Whole Foods renovation hit with lease dispute, ‘stop work’ order

The Whole Foods Market in Glover Park closed in March 2017. (Brian Kapur/The Current/March 2017)

A recent lawsuit and “stop work” order have raised further questions about Whole Foods Market’s Glover Park store, which closed abruptly in March after the D.C. Department of Health found repeated evidence of rodents.

Although the 2323 Wisconsin Ave. NW supermarket was cleared to reopen, the company took the opportunity to remain closed and carry out a complete renovation — much to the chagrin of customers, who blasted the lack of notice and scarcity of details about when the store might reopen.

Whole Foods’ effort to move quickly may have backfired in other ways as well. Last month, the store was ordered to cease interior demolition without a permit. Separately, Whole Foods last week sued its landlord, Wical Limited Partnership, alleging that Wical improperly threatened to terminate its lease and continues to obstruct the renovation.

The first public sign of discord appeared May 21, when the D.C. Department of Consumer and Regulatory Affairs posted an orange “stop work” order at the grocery store, stating that interior demolition was taking place without a permit. The lawsuit states that Whole Foods asked Wical for permission to apply for permits two days later, and the landlord refused.

The “stop work” order states that Whole Foods was conducting interior demolition without the required permit. (photo courtesy of Sandra Maler)

Whole Foods spokesperson Rachael Dean Wilson declined to comment on the lawsuit or allegations of work without a required permit. A woman who answered the phone for Wical said the company had no comment and hung up on a reporter.

In its lawsuit against Wical, Whole Foods says it is working in good faith to accommodate contradictory lease terms. On the one hand, its lease states that the store can’t be closed for more than 60 days — the basis for a “notice of default” Wical issued to Whole Foods last month. However, the lease also stipulates that Whole Foods must “keep the property clean and free of pests and operate the store in accordance with the same standards of quality as it does in similar stores,” and the lawsuit claims the extended closure is necessary to do so.

Whole Foods had already spent $1 million toward its renovation when Wical issued the notice of default, the lawsuit states, and the store was preparing to spend unspecified millions more to complete the work — all while maintaining rent payments.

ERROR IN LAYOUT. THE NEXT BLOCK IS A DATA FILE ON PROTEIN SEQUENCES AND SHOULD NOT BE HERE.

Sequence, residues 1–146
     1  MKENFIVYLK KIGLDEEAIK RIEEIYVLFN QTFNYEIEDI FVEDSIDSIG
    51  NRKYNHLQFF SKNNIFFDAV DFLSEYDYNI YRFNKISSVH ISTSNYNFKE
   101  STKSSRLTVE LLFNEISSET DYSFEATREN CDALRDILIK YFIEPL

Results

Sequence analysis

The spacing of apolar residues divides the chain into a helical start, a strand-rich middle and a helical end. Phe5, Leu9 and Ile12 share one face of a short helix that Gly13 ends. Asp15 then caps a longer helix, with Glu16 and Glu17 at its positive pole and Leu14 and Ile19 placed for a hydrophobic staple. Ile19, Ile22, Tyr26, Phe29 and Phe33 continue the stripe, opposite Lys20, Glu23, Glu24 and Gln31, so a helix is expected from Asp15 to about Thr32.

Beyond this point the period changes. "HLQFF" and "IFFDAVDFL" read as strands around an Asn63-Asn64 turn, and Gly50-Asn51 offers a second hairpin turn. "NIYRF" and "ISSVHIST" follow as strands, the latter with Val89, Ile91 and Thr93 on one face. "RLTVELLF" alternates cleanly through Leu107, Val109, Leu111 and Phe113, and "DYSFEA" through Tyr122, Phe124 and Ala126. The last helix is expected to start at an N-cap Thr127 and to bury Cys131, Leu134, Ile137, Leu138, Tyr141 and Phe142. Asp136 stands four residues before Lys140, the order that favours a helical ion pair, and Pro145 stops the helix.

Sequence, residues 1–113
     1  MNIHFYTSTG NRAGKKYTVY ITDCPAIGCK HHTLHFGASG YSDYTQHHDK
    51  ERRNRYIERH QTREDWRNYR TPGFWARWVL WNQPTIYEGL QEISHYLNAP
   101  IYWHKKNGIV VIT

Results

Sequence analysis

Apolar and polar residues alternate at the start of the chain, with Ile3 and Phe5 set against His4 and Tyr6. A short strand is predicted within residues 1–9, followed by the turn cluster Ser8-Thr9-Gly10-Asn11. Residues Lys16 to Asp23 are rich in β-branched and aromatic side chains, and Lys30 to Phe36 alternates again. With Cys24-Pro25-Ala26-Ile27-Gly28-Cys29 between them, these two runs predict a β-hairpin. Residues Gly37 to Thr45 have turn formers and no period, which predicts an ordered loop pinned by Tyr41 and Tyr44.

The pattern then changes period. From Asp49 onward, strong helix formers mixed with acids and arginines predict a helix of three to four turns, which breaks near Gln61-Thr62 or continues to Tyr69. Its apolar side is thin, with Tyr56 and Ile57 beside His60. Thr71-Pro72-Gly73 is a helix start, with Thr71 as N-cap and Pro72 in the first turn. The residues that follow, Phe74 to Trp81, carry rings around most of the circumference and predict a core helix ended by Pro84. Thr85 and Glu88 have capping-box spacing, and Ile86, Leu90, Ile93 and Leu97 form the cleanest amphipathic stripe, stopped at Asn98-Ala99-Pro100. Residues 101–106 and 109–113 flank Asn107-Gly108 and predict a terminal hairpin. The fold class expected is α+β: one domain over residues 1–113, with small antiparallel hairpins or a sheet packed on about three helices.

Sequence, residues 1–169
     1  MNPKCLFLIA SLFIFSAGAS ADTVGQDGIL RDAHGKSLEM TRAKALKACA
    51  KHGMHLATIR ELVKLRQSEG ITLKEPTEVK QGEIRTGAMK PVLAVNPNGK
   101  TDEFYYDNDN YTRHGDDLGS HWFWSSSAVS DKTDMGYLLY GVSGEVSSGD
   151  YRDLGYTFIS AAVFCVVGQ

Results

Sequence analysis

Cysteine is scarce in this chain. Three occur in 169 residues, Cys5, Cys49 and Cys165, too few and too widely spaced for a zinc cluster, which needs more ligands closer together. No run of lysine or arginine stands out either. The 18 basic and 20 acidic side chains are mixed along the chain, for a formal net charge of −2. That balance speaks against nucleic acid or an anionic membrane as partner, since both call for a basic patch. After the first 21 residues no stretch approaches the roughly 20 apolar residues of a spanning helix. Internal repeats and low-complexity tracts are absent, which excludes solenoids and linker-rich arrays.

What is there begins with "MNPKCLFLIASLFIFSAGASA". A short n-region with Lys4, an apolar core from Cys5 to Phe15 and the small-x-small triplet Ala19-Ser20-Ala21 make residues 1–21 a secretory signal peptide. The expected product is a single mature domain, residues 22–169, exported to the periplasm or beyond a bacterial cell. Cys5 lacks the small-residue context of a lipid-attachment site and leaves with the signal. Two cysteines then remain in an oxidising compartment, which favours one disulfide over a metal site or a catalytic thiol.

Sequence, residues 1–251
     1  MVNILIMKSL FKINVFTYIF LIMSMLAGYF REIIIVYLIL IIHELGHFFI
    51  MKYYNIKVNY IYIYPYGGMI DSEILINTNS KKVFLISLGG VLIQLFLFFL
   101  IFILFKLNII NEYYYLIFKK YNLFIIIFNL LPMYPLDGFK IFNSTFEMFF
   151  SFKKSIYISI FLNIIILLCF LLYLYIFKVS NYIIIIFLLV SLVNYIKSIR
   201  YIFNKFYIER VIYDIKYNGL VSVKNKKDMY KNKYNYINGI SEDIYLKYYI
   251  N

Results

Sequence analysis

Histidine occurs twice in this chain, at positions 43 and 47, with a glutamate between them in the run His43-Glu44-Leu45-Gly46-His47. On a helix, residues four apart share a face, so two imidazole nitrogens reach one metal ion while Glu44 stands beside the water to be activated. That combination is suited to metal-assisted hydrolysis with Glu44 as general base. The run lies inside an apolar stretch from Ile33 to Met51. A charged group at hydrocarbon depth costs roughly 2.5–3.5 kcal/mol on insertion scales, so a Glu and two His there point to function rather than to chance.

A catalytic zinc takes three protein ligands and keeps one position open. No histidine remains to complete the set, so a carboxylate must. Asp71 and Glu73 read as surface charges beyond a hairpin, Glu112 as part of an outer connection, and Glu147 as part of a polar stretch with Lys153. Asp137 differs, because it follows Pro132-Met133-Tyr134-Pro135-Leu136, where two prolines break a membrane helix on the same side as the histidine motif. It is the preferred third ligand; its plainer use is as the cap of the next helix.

“Enforcing the Notice of Default would be unconscionable, since the Defendant [Wical] would receive a windfall and be unjustly enriched in that it would either coerce the Plaintiff [Whole Foods] into signing a new lease with higher rent and a longer term, or it would receive the benefit of Plaintiff’s work to date,” the suit states. “Defendant’s Notice of Default constitutes a scheme to allow Defendant to take advantage of Plaintiff’s unfortunate situation, and was issued in bad faith.”

The suit asks the court to block Wical from terminating the lease; to order Wical to allow Whole Foods to seek permits; and to order Wical to assume Whole Foods’ legal expenses, cover lost profits due to the delay and pay other unspecified damages.

The lawsuit also spells out more information regarding plans for the Glover Park store if they are allowed to proceed. The suit states that there was no easy fix to its rodent issues short of gutting the building.

Essentially rebuilding from scratch, the company’s plans include “modernizing the store’s layout; replacing existing food display cases; replacing the salad bar; replacing the millwork, cabinetry, register stands, walls, and ceilings which were demolished in curing the ordinance violation; overhauling the elevator and conveyor system; and adding new food presentations which requires the movement of certain major systems such as plumbing and HVAC.”

The lawsuit says the work can likely be completed in six months once permits are issued, but adds that the application process may take months “due to a backlog in permitting requests” and that Wical has blocked Whole Foods from even filing for permits. Asked whether the regulatory agency has a backlog of unprocessed permit applications, however, spokesperson Matt Orlins said the department is meeting its goal of approving code-compliant applications within 30 days.